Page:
Easy and Elegant Life

The Search for Everyday Elegance and the Art of Living Well.

The Movies Used to Be Great Medicine.

“The Philadelphia Story” (photo credit)
A little Sunday reading and a call to arms.

Screenwriters, upon returning from your strike, give us proof of your worth — earn the DVD receipts. Bring back the sophistication and wit of the screwball comedies of the 1930’s and the battles-of-the-sexes of the 40’s and 50’s. We will revere your names and add them to the pantheon studied in film schools and written about in newspapers ever after. Study the classics and bring them into the modern era. Give us your all.

Dear readers, please list your favourites so that we may add them to our libraries and Netflix queues. Because sometimes there is no substitute for the real thing.

21 thoughts on “The Movies Used to Be Great Medicine.

  1. I was at the annual G-Hog day party last night and they were projecting some old Sophia Loren movie onto a giant balloon hovering above the space (at xmas it was It’s a Wonderful Life)… Even watching without sound, you could tell it was a great movie.

    Did you get your soap yet?

  2. “Mr and Mrs Smith” (1942), with Carole Lombard and Robert Montgomery as a couple who learn they actually aren’t married, due to some bureaucratic snafu—and so question whether they should actually even be married. Directed (surprisingly) by Alfred Hitchcock.

  3. Hello Fairfax! That sounds like a ball. Ms. Loren is always a pleasure to watch!

    Aesthete, I’m not sure I’ve seen it! Thank you; off to NetFlix right now. I really like Carole Lombard and Hitchcock always pulls amazing performances from his actors.

  4. I second the All About Eve vote; it is an all time classic. I highlight recommend The Women. It is a perfect Sunday afternoon film.

  5. I do really like George Saunders. And of course, Bette Davis was one of the greats.

    I got a kick out of “The Women.” It’s in the library. Have to add “All About Eve” next.

  6. Another good film but not screwball, etc, is Irene Dunne and Cary Grant in “Penny Serenade.” He’s a small-town newspaper publisher; she is his wry, long-suffering wife who wants to adopt a child, despite his misgivings. It is a lovely, lovely film, and the true definition of tear-jerker. I have to leave the room in spots or start blubbering.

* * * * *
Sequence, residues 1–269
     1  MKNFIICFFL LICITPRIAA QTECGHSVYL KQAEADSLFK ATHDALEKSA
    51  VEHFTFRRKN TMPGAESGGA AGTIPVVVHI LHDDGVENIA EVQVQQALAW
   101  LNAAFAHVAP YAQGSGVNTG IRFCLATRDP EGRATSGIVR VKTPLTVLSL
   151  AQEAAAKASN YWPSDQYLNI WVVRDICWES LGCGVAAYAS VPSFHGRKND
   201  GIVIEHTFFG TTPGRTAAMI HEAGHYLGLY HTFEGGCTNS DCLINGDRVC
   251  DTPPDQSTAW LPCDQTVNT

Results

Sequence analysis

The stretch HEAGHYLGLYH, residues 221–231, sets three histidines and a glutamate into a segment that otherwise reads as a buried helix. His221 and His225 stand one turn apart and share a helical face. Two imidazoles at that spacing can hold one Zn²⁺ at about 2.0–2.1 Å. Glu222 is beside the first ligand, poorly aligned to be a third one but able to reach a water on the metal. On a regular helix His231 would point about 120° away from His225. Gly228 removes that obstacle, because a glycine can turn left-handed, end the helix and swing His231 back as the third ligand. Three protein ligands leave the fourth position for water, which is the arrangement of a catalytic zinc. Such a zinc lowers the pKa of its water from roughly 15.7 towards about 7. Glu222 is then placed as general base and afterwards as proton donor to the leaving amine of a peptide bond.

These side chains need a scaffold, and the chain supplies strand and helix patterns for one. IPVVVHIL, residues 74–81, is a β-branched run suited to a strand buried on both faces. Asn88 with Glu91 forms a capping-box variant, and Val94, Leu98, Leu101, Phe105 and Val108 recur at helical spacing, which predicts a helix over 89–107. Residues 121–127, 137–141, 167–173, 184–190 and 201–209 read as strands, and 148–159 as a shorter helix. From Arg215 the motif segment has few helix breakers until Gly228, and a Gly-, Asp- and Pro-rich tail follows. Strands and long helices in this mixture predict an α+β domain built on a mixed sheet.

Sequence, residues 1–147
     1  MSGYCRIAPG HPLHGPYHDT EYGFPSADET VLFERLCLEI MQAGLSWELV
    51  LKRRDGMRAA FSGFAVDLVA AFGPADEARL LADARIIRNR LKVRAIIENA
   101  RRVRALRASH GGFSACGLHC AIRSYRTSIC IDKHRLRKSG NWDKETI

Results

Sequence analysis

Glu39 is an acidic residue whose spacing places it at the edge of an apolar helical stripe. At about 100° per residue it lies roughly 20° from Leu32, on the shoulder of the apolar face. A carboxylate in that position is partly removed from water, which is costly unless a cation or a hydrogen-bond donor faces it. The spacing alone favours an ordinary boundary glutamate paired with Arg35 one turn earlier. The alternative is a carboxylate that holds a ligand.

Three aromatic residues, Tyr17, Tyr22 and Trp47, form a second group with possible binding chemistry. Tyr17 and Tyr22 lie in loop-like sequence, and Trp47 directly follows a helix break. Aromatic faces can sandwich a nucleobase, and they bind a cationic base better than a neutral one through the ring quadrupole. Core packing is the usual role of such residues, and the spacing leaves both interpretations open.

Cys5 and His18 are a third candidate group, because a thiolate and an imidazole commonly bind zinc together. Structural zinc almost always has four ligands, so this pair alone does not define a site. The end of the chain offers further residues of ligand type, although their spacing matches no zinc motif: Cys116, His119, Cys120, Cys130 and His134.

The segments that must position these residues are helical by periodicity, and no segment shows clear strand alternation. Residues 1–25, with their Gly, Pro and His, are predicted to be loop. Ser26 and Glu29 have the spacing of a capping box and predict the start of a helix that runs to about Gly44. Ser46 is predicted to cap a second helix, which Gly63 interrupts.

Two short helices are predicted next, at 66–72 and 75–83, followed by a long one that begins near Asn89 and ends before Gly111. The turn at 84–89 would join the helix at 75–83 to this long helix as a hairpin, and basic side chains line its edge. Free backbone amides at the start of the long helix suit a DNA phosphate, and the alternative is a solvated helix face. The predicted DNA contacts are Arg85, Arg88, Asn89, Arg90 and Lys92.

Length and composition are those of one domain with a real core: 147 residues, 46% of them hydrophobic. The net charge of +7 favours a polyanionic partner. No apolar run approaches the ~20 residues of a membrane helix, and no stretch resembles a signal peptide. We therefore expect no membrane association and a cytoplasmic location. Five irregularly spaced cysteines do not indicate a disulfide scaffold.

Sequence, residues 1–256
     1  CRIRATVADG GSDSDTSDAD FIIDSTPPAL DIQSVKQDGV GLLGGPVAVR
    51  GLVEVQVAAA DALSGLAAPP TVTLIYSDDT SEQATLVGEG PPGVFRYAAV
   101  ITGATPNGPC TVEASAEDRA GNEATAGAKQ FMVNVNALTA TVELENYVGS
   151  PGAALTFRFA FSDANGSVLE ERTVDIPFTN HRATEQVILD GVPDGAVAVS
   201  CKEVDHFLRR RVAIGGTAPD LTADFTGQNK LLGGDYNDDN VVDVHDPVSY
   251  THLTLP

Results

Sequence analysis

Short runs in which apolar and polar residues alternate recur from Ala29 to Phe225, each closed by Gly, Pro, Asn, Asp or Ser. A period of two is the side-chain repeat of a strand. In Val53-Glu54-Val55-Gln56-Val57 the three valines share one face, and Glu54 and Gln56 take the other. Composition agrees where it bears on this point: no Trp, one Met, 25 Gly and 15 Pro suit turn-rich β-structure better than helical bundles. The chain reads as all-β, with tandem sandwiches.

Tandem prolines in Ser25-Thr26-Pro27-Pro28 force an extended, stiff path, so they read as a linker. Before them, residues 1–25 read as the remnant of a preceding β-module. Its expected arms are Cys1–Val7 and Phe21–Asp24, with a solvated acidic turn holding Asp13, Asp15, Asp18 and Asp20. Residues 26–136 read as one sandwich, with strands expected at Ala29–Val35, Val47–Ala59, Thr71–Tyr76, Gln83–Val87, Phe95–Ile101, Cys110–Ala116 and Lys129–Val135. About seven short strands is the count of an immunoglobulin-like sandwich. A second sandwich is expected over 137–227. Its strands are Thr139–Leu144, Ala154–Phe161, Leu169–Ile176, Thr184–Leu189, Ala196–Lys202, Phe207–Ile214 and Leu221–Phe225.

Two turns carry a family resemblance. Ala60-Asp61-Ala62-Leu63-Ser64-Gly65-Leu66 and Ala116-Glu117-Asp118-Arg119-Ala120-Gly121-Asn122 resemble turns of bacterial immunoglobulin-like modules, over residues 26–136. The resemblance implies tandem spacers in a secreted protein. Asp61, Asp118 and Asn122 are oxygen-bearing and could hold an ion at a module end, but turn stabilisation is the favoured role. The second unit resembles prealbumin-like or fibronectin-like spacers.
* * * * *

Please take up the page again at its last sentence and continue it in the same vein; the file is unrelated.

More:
7. Aesthete, it kills me. I actually can’t watch it. “The Awful Truth” is more my speed. Hell, I cry during “It’s a Wonderful Life.” A hauntingly sincere ( as a result of being a true returned war hero?) Jimmy Stewart’s final “Attaboy Clarence” sets me off every time.

    Speaking of George Saunders, “Foreign Correspondent” makes good use of him. Would that I could ape that sonorous voice.

  8. Father Goose, A Night to Remember, The Citadel, Goodbye Mr Chips, The Ghost and Mrs Muir, Lawrence of Arabia, 1-2-3, the list is endless…

  9. My favorite topic! I second ‘ all about eve’ -but also, how to marry a millionaire and the grass is greener are both GREAT witty comedies from the 50’s – great writing and very stylish!

  10. Hi Scott, Good list. Which version of “Goodbye Mr. Chips?”

    I find it interesting that most of the movies mentioned are older. Are there any modern classics to consider?

  11. Can’t leave out The Thin Man and After the Thin Man with the lovely Myrna Loy at her comic best and William Powell simply brilliant – the sets on the second one are absolutely brilliant and so elegant.

    Mr Blandings Builds his Dream House – as an architect I can’t help but love this one – two of my favorites (Grant and Loy)

    The Philadelphia Story and High Society – same story two very different but elegant casts. The original is, IMHO, the best with Grant, Hepburn and Stewart – but Grace Kelly is so elegant and handles her own in the remake.

  12. I think both versions of Goodbye Mr Chips are good, but I prefer the earlier version with Robert Donat. He’s also in The Citadel, and is a great if forgotten actor.

    For modern ones recently I liked “How to Kill your Neighbor’s Dog” as well as a laundry list of foreign films.

  13. Amen GA, you’ve listed my favourites. Though not necessarily in order.

    Scott, The O’Toole version always makes me well up. But both are fantastic. The erudite Mrs. E. is a teacher at a boy’s school here and I know that that influences my preference for these movies, too (not to mention “Dead Poet’s Society” etc. .) Don’t know “The Citadel.” Off to NetFlix!

  14. Has the Elegantologist seen the 1939 film called MIDNIGHT?
    It is, as Pauline Kael attests, one of the true delights of the ’30s.
    And Pauline knew a thing or two.
    Claudette Colbert is stranded in Paris. John Barrymore comes to her rescue.
    Need I say more?

  15. Now this is a real subject, old movies. We’ve got to be more discerning!
    Everything in black and white was not necessarily “good”.
    ‘Penny Serenade’ is mawkish tripe, yet that scene where Cary Grant begs to keep the adopted baby is quite something, and it displays his range beautifully.
    I suppose that ‘Brief Encounter’ must also be classified thusly, but I have a weakness for well-modulated performances and Trevor Howard supplies just that.
    Lately, courtesy of Turner Classics, I have developed a fondness for post war “noir” films made by Warner Brothers~they’ve got depth, plus all those shadows cast by neon light filtering through Venetian Blinds. Try ‘The Man I Love’ with Ida Lupino, a nightclub chanteuse who sings, smokes and drinks-simultaneously.

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